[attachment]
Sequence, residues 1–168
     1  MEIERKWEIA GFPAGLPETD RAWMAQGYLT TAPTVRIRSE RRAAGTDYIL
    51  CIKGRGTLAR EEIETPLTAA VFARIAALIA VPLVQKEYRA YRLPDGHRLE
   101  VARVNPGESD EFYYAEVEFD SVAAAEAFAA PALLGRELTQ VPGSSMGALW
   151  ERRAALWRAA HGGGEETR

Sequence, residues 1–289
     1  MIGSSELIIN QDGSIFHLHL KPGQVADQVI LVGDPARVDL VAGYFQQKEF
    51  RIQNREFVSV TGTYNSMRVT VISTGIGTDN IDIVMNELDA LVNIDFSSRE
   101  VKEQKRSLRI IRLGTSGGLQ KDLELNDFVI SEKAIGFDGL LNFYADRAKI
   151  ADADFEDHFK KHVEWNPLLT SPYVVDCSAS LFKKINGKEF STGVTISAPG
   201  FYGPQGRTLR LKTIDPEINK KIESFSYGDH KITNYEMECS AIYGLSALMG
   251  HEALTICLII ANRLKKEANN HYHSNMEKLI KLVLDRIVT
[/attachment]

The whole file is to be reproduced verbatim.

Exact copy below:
Sequence, residues 1–168
     1  MEIERKWEIA GFPAGLPETD RAWMAQGYLT TAPTVRIRSE RRAAGTDYIL
    51  CIKGRGTLAR EEIETPLTAA VFARIAALIA VPLVQKEYRA YRLPDGHRLE
   101  VARVNPGESD EFYYAEVEFD SVAAAEAFAA PALLGRELTQ VPGSSMGALW
   151  ERRAALWRAA HGGGEETR

Sequence, residues 1–289
     1  MIGSSELIIN QDGSIFHLHL KPGQVADQVI LVGDPARVDL VAGYFQQKEF
    51  RIQNREFVSV TGTYNSMRVT VISTGIGTDN IDIVMNELDA LVNIDFSSRE
   101  VKEQKRSLRI IRLGTSGGLQ KDLELNDFVI SEKAIGFDGL LNFYADRAKI
   151  ADADFEDHFK KHVEWNPLLT SPYVVDCSAS LFKKINGKEF STGVTISAPG
   201  FYGPQGRTLR LKTIDPEINK KIESFSYGDH KITNYEMECS AIYGLSALMG
   251  HEALTICLII ANRLKKEANN HYHSNMEKLI KLVLDRIVT